Returners will be able to get involved in delivering services to the public sector whilst being fully supported as they refresh, test and build on past skills and experience.

dxw staff

Offering Support

From the individual’s first day, they will be assigned a mentor who will be their first point of contact for any support they need. This person will work within the same field, and if the returner is in a client facing role would also be on the same project. They will be be able to answer any day to day role/dxw related questions and offer support for extra activities like speaking at events or writing blog posts.

At dxw digital, we’re proud to be strong advocates for diversity and inclusion and aim to provide a work environment that’s accessible, welcoming, and empowering for all. We want everyone to feel supported and included in our wider community. The Returners’ Programme is one way we can encourage and support a comfortable way back into the workplace.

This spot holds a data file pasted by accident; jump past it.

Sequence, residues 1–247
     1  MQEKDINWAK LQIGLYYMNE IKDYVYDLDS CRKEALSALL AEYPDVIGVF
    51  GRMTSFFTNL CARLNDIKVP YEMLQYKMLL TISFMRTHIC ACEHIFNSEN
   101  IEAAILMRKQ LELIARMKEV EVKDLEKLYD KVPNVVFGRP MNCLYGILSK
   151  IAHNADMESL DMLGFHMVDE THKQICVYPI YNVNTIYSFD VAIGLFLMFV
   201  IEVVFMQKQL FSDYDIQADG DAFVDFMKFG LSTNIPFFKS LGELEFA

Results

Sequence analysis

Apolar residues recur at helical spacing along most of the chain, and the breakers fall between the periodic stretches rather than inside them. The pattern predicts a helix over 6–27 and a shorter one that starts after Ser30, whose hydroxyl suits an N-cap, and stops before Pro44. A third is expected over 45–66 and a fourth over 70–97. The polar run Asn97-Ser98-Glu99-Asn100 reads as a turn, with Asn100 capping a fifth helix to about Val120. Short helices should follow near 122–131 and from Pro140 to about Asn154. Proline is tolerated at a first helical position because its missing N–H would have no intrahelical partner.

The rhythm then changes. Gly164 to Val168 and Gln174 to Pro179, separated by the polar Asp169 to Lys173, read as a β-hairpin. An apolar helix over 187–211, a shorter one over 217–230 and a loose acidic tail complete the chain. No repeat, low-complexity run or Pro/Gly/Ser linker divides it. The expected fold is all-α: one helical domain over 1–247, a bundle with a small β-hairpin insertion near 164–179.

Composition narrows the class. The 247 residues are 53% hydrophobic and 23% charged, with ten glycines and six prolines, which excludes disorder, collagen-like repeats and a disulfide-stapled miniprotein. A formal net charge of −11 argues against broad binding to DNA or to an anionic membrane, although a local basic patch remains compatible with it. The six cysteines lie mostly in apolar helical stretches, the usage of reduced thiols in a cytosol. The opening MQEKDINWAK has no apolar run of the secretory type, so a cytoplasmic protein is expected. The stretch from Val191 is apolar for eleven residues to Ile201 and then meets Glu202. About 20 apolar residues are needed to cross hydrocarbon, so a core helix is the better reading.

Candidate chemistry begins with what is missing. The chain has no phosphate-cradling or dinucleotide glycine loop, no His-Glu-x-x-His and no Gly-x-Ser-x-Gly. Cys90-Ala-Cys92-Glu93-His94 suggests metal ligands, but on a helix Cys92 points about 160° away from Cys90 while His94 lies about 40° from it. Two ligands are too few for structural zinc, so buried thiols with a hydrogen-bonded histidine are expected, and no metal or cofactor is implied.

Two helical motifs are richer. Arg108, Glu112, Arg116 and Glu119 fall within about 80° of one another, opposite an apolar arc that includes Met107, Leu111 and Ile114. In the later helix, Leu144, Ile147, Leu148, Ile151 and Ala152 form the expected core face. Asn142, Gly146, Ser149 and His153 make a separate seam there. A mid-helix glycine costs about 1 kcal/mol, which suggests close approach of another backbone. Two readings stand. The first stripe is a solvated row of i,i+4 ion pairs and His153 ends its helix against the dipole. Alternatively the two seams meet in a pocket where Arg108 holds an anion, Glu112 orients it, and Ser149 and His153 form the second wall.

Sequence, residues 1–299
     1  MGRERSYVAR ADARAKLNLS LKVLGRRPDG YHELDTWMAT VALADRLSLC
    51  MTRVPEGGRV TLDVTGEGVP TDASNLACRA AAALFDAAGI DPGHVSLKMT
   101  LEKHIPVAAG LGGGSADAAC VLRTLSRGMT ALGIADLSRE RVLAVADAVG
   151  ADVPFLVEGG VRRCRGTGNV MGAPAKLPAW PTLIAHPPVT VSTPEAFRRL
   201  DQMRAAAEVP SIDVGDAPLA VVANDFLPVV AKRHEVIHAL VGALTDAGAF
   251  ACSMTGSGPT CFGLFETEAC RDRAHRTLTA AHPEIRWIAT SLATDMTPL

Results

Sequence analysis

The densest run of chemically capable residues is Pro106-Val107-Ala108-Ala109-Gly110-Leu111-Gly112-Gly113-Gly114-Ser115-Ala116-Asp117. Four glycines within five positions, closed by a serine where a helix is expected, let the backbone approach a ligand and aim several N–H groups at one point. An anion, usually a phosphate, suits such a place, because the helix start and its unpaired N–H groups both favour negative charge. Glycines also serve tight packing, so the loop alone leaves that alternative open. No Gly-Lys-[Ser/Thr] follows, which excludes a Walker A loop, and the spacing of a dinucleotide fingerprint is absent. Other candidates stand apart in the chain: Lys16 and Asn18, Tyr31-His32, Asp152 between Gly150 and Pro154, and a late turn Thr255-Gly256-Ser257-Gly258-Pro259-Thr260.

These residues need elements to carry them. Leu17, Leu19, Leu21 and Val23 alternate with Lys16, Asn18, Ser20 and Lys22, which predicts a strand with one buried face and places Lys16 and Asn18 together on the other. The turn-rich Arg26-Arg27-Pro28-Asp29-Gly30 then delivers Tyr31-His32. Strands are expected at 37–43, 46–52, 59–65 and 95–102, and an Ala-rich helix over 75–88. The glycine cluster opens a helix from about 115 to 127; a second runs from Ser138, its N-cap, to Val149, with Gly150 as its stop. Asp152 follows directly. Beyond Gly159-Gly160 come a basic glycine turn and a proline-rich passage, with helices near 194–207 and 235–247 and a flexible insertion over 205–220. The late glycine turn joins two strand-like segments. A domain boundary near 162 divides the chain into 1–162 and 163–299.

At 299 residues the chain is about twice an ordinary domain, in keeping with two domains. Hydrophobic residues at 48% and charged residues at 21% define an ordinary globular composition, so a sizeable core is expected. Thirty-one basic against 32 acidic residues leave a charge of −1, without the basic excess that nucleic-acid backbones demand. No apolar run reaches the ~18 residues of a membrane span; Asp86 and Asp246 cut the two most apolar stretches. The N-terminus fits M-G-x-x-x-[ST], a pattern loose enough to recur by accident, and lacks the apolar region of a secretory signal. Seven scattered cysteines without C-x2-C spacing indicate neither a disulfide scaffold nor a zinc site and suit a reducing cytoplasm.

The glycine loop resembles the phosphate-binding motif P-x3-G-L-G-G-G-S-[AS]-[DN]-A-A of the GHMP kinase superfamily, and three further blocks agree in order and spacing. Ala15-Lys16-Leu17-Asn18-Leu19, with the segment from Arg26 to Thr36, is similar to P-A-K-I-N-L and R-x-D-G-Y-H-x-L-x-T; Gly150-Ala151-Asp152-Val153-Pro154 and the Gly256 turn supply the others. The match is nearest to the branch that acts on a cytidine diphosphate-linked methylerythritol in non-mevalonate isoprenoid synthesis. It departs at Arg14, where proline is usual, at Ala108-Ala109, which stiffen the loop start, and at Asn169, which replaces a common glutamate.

To find out more, please upload your CV here.

 

The post Launch of dxw Returners’ Programme appeared first on dxw digital.

Original source – dxw digital

6 people sitting around a table and talking, the table is covered with post-it notes

The team running a retrospective after conducting research in Indonesia

The Global Digital Marketplace aims to help international governments make their procurement more transparent, and to boost their digital, data and technology sectors. It builds on the success and expertise we have gained through the Digital Marketplace in the UK.